When we decided to homeschool, I knew that the perfect curriculum was out there somewhere, and I was absolutely positive I would find it.
Then we started homeschooling. I quickly realized that there is no easy, one-size-fits-all solution. Thankfully, after that first really tough year, we found Sonlight. It was a great fit for our family and has been since then.
That year, we immersed ourselves in World History via Condensed HBL B & C, and we loved every minute of it. We also chose Horizons because it was a solid math program with plenty of spiral review. What I didn’t take into account was that my oldest son hated to write. Most days, just the sight of the work page was enough to start the tears flowing. We hung in there with it for months, hoping he would get used to it, but he never did.
The great thing about that time is that I learned a lot about my son. I learned what helped him succeed and what held him back. I saw him soar with the Read-Alouds and the simple Sonlight Language Arts assignments. I saw him struggle through the lengthy math pages. I found that even when I cut out half the problems, just the sight of the page was overwhelming for him. It was a learning year for both of us.
The next year, I found Right Start Math, and my son and I absolutely loved it! Within a few days, he went from hating math time to anticipating it. The hands-on nature of the course and the simple, sparse work pages were something he knew he could do. He was feeling success for the first time in math, and I could not have been happier.
Over the last seven years of homeschooling my four children plus a few extras along the way, I have learned a lot about regularly evaluating your curriculum choices. Here are a few keys to remember when you are wondering if it's time to change curriculum or stick with what you've got.
1. Understand and Accept that One Size Does Not Fit All
I shared above that my son did not do well with Horizons. Well, when my daughter came along, she did not do well with Right Start! The first time I laid a colorful page of Horizons math problems down in front of her, I knew that she was vastly different. She came alive, adding her own flair to the illustrations and happily making sure that she used her best penmanship on each problem. I realized that I had made a mistake. Because of my son’s experience with Horizons, I had assumed that it was a bad curriculum. Actually, it just wasn’t right for him, but it worked just fine for my daughter.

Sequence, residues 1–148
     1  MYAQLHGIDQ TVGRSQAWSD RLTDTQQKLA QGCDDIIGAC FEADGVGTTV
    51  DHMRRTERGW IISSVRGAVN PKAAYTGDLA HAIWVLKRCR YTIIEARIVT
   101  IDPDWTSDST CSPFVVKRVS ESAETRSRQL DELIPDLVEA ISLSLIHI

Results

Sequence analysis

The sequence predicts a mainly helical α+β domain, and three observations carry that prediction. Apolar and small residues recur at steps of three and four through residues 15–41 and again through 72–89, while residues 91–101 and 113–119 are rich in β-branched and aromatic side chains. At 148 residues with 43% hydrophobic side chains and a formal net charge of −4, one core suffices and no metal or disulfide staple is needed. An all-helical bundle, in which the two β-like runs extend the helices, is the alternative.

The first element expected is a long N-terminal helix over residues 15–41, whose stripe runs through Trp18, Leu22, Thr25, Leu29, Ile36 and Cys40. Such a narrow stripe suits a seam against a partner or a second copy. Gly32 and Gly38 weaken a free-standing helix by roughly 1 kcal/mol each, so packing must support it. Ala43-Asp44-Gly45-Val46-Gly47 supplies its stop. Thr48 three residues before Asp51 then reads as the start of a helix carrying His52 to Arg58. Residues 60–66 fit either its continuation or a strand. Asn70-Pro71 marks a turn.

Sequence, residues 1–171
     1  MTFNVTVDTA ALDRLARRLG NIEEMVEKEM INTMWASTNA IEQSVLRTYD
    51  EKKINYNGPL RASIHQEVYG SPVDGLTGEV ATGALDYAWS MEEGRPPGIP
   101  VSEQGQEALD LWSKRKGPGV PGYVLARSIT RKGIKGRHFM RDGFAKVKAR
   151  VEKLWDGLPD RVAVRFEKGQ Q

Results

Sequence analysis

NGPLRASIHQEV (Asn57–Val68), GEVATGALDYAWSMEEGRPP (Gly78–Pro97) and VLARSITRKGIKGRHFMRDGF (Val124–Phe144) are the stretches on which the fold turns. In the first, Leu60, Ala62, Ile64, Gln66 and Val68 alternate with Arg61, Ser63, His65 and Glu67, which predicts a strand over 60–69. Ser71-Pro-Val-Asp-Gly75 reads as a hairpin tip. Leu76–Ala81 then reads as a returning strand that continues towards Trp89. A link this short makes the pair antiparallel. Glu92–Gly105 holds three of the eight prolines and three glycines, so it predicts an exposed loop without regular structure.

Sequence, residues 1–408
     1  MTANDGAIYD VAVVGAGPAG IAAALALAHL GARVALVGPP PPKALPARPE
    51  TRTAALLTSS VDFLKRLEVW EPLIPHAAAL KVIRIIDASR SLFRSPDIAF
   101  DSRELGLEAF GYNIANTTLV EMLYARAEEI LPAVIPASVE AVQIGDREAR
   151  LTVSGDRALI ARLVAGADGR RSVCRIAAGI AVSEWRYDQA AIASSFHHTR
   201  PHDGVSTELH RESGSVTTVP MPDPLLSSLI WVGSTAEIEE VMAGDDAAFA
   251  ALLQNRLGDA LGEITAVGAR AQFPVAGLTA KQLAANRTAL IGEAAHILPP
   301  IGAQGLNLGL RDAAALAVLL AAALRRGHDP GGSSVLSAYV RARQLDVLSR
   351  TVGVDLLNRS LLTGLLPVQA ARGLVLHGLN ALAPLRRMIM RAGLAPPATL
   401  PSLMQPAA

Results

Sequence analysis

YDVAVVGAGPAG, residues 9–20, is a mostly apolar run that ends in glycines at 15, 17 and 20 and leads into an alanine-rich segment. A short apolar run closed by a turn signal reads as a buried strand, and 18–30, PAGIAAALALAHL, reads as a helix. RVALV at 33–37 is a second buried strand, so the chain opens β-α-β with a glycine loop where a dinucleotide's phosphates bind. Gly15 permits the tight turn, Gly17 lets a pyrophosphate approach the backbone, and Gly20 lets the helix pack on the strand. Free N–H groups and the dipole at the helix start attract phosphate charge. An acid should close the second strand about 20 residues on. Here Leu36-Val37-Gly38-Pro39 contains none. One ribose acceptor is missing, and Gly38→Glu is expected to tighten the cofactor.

So the first step is to understand that there is no one-size-fits-all curriculum. What works for your neighbor may not work for you. On a smaller scale, what works for one child may not work for the next child.
2. Be a Student of Your Student
Understand that you may not get it right the first year, and maybe there will be hiccups along the way, too. After all, kids grow and change. That’s okay!
What you will want to do is to become a student of your student. Learn what makes them tick and what makes them wither. You may even keep a journal about how they are learning, what is working best, and what they are struggling with. I truly delight in knowing my children well. It serves me well when I am choosing their Christmas gifts and when I’m choosing their curriculum.
- For example, I know that my oldest son can cover a lot of material if he enjoys the book. I also know that he needs to see the value in his work. He is not a fan of busywork in any form or fashion. He also loves to know why something works. In math, he doesn’t want to know how to do it. He wants to know why it’s done that way.
- My youngest son is a true science buff. He will do anything if you can relate it to science. In math, he is much less analytical. He gets bogged down with the why and just wants to know what's required of him.